The issues go far beyond simple dichotomies, as Israeli Jewish society is anything but homogeneous. Prof. Smadar Lavie, an anthropologist whose first book was The Poetics of Military Occupation: Mzeina Allegories of Bedouin Identity Under Israeli and Egyptian Rule, reminded us that only 30 per cent of the Israeli Jewish population have Ashkenazi, or Eastern European Jewish, origins; the rest are Mizrahim, with origins in North Africa, Turkey, Iran, and India, and started settling in Israel in the 1950s. The Ashkenazi are very much the Israeli elite, even to the extent that Ashkenazi feminism, which follows European and American feminism, sees Palestinians only in the West Bank and Gaza, and nowhere else; it also avoids questions of intra-Jewish discrimination. Ashkenazi feminists do engage in voluntary work, but one of their major funding bodies, the New Israel fund, vetoes all attempts to tell Palestinians about divisions in Zionist society, with the result that the work is confined to running soup kitchens and little else.
The mainstream Israeli left is also divided; the left parties agree on land for peace, but when in power move rightwards, and the post-Zionist left accepts that the Palestinians are the victims of injustice but in practice does not oppose Ashkenazi elitism; the anti-Zionist left, for its part, follows the European left of the 1960s, but none of the Israeli left groups has attracted the Mizrahim, who in the 1960s even voted for Menachem Begin’s Likud party and against the Israeli left. Intra-Jewish separation and discrimination were intensified in the 1970s too, as the Israeli occupation of the West Bank enabled working-class Ashkenazim to ‘escape’ Mizrahi ghettoes.
Inevitably, Mizrahi feminists are in a difficult position, with their own economic and social problems and the risk of losing overseas Zionist funding if they support Palestinian rights. Many Mizrahim are also anti-Palestinian, and Prof. Lavie concluded that a two-state solution would preserve Ashkenazi hegemony, but that the Ashkenazi would need the Mizrahi presence in order to maintain the size of the Israeli Jewish population. As Dr. Ben-Dor added, the multiple and complex identities of the peoples of the region meant that ‘Arab Jews’ were also the victims of any simple Zionist-Palestinian dichotomies.
This leads into the question of whether a Jewish state makes any sense at all, and of how the idea even came about. Dr. Nur Masalha, drawing in part upon his book The Bible and Zionism: Invented Traditions, Archaeology and Post-colonialism in Palestine-Israel, asked if the Bible justified ethnic cleansing or apartheid, and pointed out that the idea of a Jewish state in the Holy Land was itself a British Protestant or Zionist Christian concept dating from the 16th century. Those European Zionists who adopted it in the 19th century were ‘assimilated’ Jews, and even David Ben-Gurion, the socialist first prime minister of Israel, said, ‘I don’t believe in God but God gave us the land.’ If it was European Protestants who racialised the Jews, one result was that God became a real-estate agent, with holiness as an instrument to redeem colonialism; today’s Zionists are like the Iberian conquistadores who took South America for Spain and Portugal. In effect, Ben-Gurion and other ‘secular’ Zionists deployed the Bible instrumentally, and the Middle East is one of the few regions where colonisation still continues.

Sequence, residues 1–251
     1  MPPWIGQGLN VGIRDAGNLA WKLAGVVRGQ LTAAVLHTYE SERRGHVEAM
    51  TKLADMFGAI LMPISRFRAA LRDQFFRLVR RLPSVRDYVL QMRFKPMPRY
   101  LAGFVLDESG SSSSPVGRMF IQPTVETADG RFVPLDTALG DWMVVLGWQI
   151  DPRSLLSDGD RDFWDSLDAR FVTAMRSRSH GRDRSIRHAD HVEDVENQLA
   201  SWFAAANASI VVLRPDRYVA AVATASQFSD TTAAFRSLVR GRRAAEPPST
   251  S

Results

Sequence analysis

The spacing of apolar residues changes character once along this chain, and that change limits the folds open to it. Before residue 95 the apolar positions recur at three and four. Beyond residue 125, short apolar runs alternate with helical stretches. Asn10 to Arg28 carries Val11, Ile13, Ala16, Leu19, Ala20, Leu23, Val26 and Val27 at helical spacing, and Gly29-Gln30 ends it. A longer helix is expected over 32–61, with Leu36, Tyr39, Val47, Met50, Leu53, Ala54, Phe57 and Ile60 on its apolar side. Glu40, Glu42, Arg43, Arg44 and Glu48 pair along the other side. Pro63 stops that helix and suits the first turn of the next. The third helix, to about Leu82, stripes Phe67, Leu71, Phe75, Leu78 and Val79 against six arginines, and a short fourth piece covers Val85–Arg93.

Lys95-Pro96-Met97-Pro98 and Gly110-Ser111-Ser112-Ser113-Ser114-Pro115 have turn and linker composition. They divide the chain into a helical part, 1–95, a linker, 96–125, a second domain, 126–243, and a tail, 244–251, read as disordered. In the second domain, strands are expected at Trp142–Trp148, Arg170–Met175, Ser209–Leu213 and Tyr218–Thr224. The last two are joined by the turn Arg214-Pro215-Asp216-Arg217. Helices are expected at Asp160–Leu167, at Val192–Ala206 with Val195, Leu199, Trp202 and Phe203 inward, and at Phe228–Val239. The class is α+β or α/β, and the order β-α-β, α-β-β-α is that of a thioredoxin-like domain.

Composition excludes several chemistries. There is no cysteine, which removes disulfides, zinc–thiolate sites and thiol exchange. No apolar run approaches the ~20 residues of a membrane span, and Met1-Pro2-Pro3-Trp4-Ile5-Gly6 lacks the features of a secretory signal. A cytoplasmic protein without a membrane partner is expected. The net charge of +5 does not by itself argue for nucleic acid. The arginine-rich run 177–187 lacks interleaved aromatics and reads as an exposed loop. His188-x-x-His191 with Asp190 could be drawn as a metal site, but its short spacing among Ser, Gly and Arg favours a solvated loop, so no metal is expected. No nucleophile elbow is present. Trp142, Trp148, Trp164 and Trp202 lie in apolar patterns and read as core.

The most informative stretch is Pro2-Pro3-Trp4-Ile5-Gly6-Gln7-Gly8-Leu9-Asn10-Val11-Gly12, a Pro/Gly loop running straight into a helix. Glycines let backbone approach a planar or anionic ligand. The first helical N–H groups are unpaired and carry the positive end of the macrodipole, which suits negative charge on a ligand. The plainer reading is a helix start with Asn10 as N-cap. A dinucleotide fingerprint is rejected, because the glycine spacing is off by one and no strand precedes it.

In the open discussion, Israel was distinguished from apartheid South Africa because it has an enormously powerful and almost totally autonomous overseas lobby in the form of the U.S. Zionist movement; today’s most organised Zionists are American evangelical Christians and, as Dr. Masalha said, the Zionist tail wags the U.S. dog because the dog wants to be wagged. Israel may be a very expensive tool for the furtherance of what Dr. Karmi called the U.S. imperial project, but it is still cheaper than an invasion of Iran would be, and the imperial project creates dependent elites among Israelis and Palestinians, as well as among several of the pro-U.S. dictatorships elsewhere in the region.
The various Palestinian movements also received severe criticism for corruption and incompetence, and for failing to provide any kind of alternative to Zionism. The Movement was, correctly, distinguished from the Palestinian National Authority, and one suggestion was that it could start engaging selectively with Mizrahi Israelis.
Other comments were equally severe. The Palestinian Authority has nothing to show for billions of aid dollars received, and Israel — also the recipient of billions — is, as Prof. Pappe said, not going to abandon the two-state idea, precisely because it “solves nothing.”
The symposiasts, all of whom were born in historical Palestine, continued the discussion in a local professor’s home by talking with one another in a fluent mixture of Hebrew and Arabic. Given the incoherence and the terrible consequences of the status quo, the one-state concept will not disappear soon.